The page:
The Muslim Brotherhood has declared that its candidate, Mohammed Morsy, won Egypt's presidential election.
Morsy "is the first civilian, popularly elected Egyptian president," the group says on its website.
The declaration was based on returns the Brotherhood reported from 95 percent of the more than 13,000 polling stations nationwide.
The returns showed Morsy with 52 percent of the vote, his opponent former prime minister Ahmed Shafik with 48 percent.
A million votes separated the two, which a Brotherhood spokesman said the remaining votes could not overcome the difference for Shafik.
The figures were from results announced by election officials at individual counting centres, where each campaign has representatives who compile the numbers and make them public before the formal announcement.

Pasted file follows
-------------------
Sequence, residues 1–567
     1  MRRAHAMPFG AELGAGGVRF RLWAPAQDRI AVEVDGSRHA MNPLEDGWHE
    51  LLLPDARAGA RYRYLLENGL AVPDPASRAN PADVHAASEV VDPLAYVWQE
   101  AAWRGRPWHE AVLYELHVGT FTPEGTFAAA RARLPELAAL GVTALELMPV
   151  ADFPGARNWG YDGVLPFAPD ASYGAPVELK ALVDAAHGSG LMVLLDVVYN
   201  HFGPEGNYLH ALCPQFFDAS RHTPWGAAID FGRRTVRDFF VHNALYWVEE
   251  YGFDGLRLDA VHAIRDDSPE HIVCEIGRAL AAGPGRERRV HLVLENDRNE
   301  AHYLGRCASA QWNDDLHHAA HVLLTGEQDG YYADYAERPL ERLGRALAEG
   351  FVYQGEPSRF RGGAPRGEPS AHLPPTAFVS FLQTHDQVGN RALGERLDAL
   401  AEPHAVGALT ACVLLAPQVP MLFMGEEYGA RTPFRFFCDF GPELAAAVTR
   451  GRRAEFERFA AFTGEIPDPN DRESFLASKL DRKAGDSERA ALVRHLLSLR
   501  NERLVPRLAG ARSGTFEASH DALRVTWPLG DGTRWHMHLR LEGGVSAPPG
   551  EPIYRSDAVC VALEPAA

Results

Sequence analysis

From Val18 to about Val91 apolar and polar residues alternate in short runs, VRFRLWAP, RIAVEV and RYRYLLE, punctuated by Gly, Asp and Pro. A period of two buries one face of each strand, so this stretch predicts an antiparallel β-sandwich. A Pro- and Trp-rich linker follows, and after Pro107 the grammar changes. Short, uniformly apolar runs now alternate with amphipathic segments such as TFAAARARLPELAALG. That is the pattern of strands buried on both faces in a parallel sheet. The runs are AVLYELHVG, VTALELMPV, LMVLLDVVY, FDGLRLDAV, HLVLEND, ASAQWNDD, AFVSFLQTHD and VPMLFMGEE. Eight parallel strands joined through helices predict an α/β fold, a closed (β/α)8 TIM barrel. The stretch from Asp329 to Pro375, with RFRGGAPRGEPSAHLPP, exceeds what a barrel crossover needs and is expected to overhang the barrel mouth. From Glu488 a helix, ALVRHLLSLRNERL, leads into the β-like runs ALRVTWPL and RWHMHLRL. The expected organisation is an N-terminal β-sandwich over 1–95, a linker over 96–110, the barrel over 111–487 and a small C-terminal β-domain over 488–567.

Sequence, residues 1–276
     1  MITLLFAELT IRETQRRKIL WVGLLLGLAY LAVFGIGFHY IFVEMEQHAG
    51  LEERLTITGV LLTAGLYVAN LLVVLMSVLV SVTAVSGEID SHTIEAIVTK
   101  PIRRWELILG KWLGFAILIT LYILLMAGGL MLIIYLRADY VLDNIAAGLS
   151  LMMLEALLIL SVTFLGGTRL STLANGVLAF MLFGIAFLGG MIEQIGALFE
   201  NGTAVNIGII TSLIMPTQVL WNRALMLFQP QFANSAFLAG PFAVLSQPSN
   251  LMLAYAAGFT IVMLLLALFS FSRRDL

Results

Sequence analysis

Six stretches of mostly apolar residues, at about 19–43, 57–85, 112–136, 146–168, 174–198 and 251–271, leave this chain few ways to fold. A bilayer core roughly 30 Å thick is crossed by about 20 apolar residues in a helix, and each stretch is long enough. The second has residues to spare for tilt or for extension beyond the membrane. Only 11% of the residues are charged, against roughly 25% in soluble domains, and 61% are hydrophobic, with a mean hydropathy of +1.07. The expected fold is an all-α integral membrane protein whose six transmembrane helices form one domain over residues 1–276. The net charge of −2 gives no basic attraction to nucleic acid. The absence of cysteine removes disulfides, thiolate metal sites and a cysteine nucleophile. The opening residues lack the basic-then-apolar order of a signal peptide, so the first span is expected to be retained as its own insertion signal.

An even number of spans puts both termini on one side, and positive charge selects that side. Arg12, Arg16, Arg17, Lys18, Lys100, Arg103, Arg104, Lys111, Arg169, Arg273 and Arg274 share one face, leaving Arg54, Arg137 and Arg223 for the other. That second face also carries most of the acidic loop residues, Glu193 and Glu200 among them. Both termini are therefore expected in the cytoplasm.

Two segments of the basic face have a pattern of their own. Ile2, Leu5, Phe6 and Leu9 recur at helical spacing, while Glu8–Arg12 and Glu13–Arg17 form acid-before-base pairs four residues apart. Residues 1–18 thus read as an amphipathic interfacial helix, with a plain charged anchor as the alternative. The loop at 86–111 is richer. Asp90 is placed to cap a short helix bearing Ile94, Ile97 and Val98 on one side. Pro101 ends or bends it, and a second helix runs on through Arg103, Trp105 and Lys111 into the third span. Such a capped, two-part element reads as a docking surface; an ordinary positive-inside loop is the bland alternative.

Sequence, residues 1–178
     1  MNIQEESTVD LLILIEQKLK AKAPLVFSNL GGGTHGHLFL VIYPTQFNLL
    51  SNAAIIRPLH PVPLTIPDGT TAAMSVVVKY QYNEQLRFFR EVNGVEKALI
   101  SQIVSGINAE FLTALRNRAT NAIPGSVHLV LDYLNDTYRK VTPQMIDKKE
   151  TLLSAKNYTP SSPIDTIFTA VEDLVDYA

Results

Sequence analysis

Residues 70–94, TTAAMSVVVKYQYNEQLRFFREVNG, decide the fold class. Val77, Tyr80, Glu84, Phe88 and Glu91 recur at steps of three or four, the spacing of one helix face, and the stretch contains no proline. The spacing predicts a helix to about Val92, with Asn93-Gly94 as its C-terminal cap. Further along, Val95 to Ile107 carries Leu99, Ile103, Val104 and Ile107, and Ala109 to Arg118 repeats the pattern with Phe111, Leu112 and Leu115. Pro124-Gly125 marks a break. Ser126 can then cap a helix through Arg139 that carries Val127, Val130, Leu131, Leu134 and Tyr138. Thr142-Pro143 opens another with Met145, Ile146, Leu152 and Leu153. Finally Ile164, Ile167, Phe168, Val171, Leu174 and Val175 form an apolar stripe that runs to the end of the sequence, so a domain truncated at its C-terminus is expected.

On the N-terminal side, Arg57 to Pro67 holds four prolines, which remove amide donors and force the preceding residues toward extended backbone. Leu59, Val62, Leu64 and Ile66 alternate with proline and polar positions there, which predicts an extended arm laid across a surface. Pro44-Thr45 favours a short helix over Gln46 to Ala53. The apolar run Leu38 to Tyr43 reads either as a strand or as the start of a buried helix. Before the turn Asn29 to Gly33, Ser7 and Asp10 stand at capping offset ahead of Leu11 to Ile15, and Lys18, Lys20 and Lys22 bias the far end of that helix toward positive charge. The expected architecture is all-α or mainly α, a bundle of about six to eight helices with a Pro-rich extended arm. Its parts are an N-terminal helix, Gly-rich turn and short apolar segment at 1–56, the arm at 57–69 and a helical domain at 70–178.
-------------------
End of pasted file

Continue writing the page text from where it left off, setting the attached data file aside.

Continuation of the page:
The Brotherhood's early, partial counts proved generally accurate in last month's first round vote.
The final official result is to be announced by Thursday.
The new president was set to find out today, along with the rest of the country, what powers he will have by the ruling generals. Military and legal sources told Reuters the military council would take back legislative powers for now from a new, Islamist-dominated parliament that it has dissolved following a court ruling voiding an earlier election.
Many of the 50 million eligible voters were dismayed by an unpalatable choice between a man seen as an heir to Mubarak and the nominee of a religious party committed to reversing liberal social traditions. Some cast a ballot against both men in protest.
"I'll cross out both Morsy and Shafik because neither deserve to be president," said Saleh Ashour, 40, a shopkeeper in the middle-class Cairo neighbourhood of Dokki as he went to vote. "I want to make a statement by crossing out the two names.
"Just staying away is too passive."